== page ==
Seafret

DHP Presents: Seafret

SEAFRET

700 Website Seafret 2

Seafret have come full circle. The Northern duo – Jack Sedman and Harry Draper – took on the world, releasing debut album ‘Tell Me It’s Real’ in 2016. It’s a record dominated by their move to London, signing to a major label, and plunging head-first into an industry they could scarcely understand.

Now it’s just them. Seizing their independence, the pair have returned to their hometown of Bridlington to work on something fresh, something new, something true to themselves. “I strongly believe that we’ve needed everything that’s happened to us,” insists Jack. “We needed to move down there, we needed to move away from home, be independent, and survive in London… We needed all that. We’re back here now… we’re like homing pigeons!”

Staying off-grid, Seafret left fans in anticipation for their next move. “We’ve been in the studio a lot, we’ve been writing all the time,” reveals Harry. “We just wanted to come off the boil a little bit. We were going flat out.”

“That’s why we haven’t rushed into anything,” his bandmate adds. “We’ve always been writing, but right now it feels like we are in control, and it all feels right. It just made it all a bit fresher for us and it shows in the songs, I think. There’s a real progression from the first record which is a nice feeling.”

New EP ‘Monsters’ was produced – and largely written – in Glasgow alongside producer Ross Hamilton, a figure whose quiet involvement helped spur on their debut LP. The material extends outwards in different ways – still resolutely Seafret, it incorporates darker moods, different instrumentation, all achieved in an incredibly natural way.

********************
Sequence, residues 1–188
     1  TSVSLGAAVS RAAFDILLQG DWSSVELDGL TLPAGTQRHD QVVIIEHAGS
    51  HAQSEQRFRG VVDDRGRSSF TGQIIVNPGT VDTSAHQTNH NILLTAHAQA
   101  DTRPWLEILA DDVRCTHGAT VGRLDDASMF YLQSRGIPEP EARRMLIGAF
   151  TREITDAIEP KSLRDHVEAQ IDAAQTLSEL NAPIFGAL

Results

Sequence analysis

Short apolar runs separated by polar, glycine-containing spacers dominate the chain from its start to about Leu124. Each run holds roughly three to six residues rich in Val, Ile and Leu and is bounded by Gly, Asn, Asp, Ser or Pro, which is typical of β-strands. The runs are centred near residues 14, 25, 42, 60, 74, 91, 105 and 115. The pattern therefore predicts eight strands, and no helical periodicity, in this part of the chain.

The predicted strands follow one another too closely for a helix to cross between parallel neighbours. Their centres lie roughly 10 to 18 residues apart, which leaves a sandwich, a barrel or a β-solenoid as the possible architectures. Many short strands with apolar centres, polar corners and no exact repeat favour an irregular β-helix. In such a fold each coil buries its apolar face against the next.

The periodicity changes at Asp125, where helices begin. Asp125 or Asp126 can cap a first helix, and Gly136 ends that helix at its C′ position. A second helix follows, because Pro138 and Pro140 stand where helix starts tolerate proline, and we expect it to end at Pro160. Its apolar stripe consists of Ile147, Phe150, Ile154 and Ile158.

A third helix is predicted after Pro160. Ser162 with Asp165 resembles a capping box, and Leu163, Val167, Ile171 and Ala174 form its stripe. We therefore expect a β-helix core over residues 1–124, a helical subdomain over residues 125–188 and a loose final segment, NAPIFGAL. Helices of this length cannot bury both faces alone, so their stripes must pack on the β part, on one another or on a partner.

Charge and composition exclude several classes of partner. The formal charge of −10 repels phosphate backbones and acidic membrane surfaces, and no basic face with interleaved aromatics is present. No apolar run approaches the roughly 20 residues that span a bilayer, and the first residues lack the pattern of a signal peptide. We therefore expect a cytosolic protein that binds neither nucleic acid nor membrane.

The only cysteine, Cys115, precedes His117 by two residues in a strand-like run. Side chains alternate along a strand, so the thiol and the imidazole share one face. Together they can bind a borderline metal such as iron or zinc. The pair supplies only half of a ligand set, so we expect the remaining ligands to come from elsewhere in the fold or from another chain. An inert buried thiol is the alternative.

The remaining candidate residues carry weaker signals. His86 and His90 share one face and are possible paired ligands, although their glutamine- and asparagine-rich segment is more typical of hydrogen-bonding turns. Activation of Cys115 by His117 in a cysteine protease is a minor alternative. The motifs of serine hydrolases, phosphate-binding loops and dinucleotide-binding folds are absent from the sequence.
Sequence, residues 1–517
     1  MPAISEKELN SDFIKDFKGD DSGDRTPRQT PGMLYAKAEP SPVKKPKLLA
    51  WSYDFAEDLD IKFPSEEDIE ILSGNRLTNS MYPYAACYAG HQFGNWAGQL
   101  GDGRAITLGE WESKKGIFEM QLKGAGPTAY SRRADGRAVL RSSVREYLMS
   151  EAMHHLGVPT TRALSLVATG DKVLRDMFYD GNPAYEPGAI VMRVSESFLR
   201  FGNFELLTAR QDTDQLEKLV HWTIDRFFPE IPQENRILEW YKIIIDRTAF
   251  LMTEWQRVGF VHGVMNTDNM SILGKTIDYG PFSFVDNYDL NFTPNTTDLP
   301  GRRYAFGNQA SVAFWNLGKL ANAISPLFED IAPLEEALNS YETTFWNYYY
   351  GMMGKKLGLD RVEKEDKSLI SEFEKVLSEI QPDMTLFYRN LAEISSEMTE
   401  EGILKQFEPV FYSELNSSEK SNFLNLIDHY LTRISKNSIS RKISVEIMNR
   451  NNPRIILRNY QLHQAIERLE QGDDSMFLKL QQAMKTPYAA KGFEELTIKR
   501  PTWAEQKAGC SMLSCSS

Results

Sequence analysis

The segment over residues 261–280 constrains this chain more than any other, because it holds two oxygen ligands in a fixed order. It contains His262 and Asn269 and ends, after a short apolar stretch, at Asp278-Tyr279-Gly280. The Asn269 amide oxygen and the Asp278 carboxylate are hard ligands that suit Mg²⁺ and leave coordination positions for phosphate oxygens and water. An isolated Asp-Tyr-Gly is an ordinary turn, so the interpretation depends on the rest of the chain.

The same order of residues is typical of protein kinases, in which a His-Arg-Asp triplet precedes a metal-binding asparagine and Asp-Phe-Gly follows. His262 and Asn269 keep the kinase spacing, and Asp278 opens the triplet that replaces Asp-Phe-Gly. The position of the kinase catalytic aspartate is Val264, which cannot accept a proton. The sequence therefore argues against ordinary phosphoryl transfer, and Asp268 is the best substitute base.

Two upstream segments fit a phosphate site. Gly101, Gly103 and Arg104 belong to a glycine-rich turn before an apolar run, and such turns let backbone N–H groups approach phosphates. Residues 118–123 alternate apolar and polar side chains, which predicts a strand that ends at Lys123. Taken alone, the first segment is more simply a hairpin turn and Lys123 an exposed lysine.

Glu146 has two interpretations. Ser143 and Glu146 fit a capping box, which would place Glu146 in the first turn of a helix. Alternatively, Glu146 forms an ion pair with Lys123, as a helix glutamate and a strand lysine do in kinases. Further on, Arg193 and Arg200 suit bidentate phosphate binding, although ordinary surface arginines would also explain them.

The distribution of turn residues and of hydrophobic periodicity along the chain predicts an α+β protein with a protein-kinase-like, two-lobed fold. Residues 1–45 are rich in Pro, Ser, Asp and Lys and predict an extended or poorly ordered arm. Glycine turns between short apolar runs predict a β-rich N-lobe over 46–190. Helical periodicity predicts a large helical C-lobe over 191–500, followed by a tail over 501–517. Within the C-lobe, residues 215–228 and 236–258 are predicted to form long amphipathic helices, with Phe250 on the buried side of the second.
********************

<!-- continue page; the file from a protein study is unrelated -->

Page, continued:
Jack explains: “Whereas before we were shut in a box where we wanted it stripped and acoustic, now we’re into a lot of different music. We listen to all different kinds of stuff we never used to.” 

“Our songs develop naturally,” Harry says, “and they’re all quite different. It shows off different parts of the types of music we’re working on – from rock to more electronic sounds, with heavier samples. It’s part of what’s to come from the next record.”

It’s a shift in approach, but also a shift in mood. Seafret feel that little bit more relaxed, but also more determined. “The first album was inspired by moving away and missing everything. But then we’ve come back, so this album will be different. The tunes are different. The tunes are exciting.”

Removing themselves from the corporate machine, Seafret aren’t answerable to anyone but themselves. “We’ve always tried to rebel against that,” Jack insists. “As soon as we came out of that pressurised zone I just started writing songs, because I knew I didn’t have anyone telling us to write songs – I was just doing it for me.” 

It’s a return to DIY ethics, something Harry embraces. “The whole process has felt much more rewarding as we’ve really been hands-on and decided what’s going on,” he says. “We’ve had to organise it all. Everything that happens – even artwork, social media, all that stuff – we’re not paying anyone to do it any more. Everything we put out has been hand-crafted.”

The duo have never been so productive, and so in-demand; a handful of live shows will see out the summer, before Seafret begin to bring their new album into focus. “It makes you work harder,” Harry says. “And actually it’s freeing as an artist to know you’re just writing the songs because you want to write the songs”.

“And you’ll be playing those songs for the rest of your life!” Jack interjects. “That’s why you have to be careful with what you release.”

“That’s the position we’re in right now,” his band mate nods. “We both love and cherish what we’ve made. I can’t wait to get back out on the road – it’s been too long!”

TUESDAY 05 MARCH

THEKLA BRISTOL
The Grove, Bristol BS1 4RB
Doors 7:00pm
Ages 14+

Advance tickets available from:
www.alttickets.com
www.gigantic.com
www.bristolticketshop.co.uk

 

 
Seafret

The North East of England is a place shrouded in tradition, installing a powerful sense of who you are in its residents. Hailing from the small town of Bridlington, Jack Sedman (vocals) and Harry Draper (guitar) chose the name Seafret for their music. As well as being a pun on the guitar fret board, it’s also a local term; it applies to the rolling mists that come in off the North Sea during summer.